Fact is, a lobster does not know what a pot is. It does not know what a lid is. It does not connect the fact that by pushing a lid off it may be able to crawl out to safety. It does not have the mental ability or the physical dexterity to "hook its claws over the kettle's rim." In other words, a lobster behaves nothing at all like human being lowered into boiling water. Rather, it acts very much like a cockroach being dropped into a pot of boiling water: It behaves like a bunch of overstimulated bundles of nerves rapidly firing and causing muscles to spasm in an unpredictable and wild manner.
Some of those spasms may well indeed cause the lobster to flick at the pot's lid or against the wall, or even—if you're very lucky—to stick its claws out over the lip of the pot. Does this constitute a reasoned and calculated escape plan, or does it even indicate any level of self-awareness or what we humans call "pain" in the crustacean?
Nope. It's admirable that DFW doesn't suggest (as some do) that lobsters scream when they are being boiled or steamed. Lobsters have no vocal chords and therefore cannot scream. Whatever noise one might be hearing (I've personally never heard this noise) must be coming either from the scraping of chitin against metal, or perhaps the sound of gases escaping from cracks in the carapace.
Now, we can argue over the definition of pain and suffering. If a simple avoidance of things that cause harm or bodily damage constitutes pain, then we'd have to extend the umbrella to include all plant life as well, as plants most certainly avoid damaging themselves, sometimes quite actively so. If, on the other hand, we take a more reasonable definition of pain as one that requires at least a degree of self-awareness and the mental capacity to understand what is happening to one's body beyond pure reflex, then we're more in the realm relevance.
Under this definition of pain, there's no doubt that killing mammals, birds, and probably fish causes them pain. And I'm comfortable with that. I try my best to minimize the pain caused to these animals when I slaughter them myself, as well as by trying to make reasonably ethical choices at the market. But I've no doubt that my eating habits do cause pain to other creatures. As an omnivore, that's just something I have to face up to.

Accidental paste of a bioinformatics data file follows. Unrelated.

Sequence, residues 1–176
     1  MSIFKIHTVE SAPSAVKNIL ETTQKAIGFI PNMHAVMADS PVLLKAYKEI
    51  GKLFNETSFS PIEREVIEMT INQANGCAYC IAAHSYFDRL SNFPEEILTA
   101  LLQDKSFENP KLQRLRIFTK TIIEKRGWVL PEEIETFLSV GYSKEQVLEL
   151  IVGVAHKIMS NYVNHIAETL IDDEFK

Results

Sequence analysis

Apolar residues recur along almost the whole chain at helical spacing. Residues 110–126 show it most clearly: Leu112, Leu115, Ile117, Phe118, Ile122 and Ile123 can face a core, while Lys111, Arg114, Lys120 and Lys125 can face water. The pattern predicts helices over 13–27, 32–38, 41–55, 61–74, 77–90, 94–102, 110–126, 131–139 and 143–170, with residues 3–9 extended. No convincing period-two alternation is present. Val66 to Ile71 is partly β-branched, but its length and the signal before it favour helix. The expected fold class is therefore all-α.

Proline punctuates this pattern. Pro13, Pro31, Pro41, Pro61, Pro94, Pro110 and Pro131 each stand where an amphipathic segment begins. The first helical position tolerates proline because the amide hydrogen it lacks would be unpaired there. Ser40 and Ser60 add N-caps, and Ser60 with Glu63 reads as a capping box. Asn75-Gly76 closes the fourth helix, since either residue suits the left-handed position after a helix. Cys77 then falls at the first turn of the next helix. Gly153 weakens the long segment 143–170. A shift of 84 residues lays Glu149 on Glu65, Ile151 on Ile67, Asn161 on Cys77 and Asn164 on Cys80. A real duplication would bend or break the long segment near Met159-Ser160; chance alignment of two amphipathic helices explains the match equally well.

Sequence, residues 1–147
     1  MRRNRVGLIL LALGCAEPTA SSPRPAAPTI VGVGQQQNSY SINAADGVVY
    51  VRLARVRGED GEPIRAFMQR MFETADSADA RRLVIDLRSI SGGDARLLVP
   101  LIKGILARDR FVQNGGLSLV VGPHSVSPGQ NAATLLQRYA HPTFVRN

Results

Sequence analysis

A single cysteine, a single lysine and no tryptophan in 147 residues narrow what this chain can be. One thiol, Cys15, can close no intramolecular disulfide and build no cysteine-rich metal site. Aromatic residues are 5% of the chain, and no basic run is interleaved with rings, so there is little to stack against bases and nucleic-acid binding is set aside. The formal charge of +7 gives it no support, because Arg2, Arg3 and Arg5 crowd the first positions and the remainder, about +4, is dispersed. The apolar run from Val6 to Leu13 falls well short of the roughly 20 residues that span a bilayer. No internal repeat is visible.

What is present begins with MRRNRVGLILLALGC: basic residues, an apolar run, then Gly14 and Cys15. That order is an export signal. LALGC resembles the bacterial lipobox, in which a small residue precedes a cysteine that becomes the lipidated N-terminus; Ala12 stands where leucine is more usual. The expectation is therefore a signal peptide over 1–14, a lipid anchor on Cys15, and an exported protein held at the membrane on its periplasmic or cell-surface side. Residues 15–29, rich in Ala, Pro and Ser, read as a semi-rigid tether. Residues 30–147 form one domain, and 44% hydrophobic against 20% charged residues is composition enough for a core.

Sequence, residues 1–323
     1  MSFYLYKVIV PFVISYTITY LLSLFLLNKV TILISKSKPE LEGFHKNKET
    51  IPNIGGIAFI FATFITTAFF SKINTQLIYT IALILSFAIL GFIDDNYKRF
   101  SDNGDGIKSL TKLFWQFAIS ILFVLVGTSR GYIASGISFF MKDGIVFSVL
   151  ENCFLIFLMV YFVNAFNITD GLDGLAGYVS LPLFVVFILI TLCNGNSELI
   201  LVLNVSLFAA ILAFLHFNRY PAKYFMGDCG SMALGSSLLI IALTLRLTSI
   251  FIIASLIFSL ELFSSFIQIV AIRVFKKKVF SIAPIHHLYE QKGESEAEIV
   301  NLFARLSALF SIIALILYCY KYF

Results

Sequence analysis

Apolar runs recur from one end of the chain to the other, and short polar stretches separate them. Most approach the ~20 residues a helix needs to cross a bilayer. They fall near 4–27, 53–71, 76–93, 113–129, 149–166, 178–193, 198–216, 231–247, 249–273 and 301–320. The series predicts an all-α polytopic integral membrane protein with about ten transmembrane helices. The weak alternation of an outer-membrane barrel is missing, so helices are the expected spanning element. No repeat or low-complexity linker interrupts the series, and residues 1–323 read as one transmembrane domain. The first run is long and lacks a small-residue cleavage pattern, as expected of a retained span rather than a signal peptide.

So honestly, whether killing by boiling or stabbing causes a lobster pain is not the issue for me, and for most meat eaters. The issue at hand is, am I comfortable with the level of pain that it causes? And to this, I answer yes. I am indeed comfortable.
Physiologically speaking, a lobster is far more similar to insects than to mammals. Personally, I'd sooner kill an insect-like lobster—whose succulent flesh I'm about to enjoy—than swat a mosquito or goosh a cockroach just because they have annoyed me. And I have no compunction with swatting and gooshing those annoying bugs.
All of us, whether we are meat eaters, vegetarian, or even ninth-level vegans understand that not all animals are the same. We don't treat dogs the way we treat other humans. We don't treat lobsters the way we treat our dogs. There is a hierarchy in terms of the level and quality of interaction we can have with our fellow creatures on this earth, and my ability to eat or empathize with them is directly related to this hierarchy.
Lobster, frankly, falls pretty far down the ladder. Given that I eat pigs, cows, and lambs, I'm afraid the big sea bugs just don't stand a chance.
Back To The Rolls
Last week we determined that the best way to cook a lobster for a roll is to very briefly steam it, just long enough to tighten up the exterior of its flesh so that it won't stick to the shell. Then roast it in the oven to prevent it from taking on too much water during boiling. With hot buttered lobster rolls, we've no need to roast the lobster—we can simply finish them directly in the butter we're going to serve them with.
If you want to get fancy, you can even steam your lobsters, shell them, cut them up, then cook them in a plastic bag with butter in your beer cooler with water at exactly 135°F. You'll never have more tender lobster in your life. It turns buttery sweet with an almost braised texture to it.
Personally, I feel that for such a humble dish, it's a bit of overkill. If you're careful enough, you can get away with simply sautéeing the lobster pieces in a skillet with butter over relatively low heat. As long as the butter never starts sizzling and you make sure to take the lobster off the heat just as its done cooking, you're all set.
Added bonus: the lobster juices and melted butter will emulsify into a sweet sauce to pour over the rolls after you stuff'em.
While my cold lobster rolls get nothing but some diced celery, I really like the flavor of a bit of sliced scallion in hot lobster rolls. I add it to the sautéeing lobster meat just before it finishes cooking.
And once again: top split hot dog buns toasted in butter are a must!